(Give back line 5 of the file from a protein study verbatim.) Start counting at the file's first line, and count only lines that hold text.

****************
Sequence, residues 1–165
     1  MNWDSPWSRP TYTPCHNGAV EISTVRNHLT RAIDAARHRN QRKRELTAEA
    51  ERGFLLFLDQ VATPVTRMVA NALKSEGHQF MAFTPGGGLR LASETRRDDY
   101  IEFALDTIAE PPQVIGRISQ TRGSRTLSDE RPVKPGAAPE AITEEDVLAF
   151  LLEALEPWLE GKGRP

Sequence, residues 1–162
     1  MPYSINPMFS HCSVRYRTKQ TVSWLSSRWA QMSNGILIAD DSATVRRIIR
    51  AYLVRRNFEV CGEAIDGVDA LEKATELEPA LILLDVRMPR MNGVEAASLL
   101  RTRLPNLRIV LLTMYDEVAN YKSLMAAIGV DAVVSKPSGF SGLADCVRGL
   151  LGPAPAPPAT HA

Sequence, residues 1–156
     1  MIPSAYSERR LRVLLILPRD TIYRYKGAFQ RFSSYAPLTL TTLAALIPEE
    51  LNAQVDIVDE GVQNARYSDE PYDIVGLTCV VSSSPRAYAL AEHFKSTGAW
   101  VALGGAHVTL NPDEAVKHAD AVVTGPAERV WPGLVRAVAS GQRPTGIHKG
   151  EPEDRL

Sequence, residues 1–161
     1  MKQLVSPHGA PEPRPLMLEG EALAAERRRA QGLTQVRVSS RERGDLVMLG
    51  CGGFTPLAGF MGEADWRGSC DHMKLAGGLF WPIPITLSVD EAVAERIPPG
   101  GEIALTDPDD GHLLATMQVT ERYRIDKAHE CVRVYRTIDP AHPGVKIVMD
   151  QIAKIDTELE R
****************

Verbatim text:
   151  LLEALEPWLE GKGRP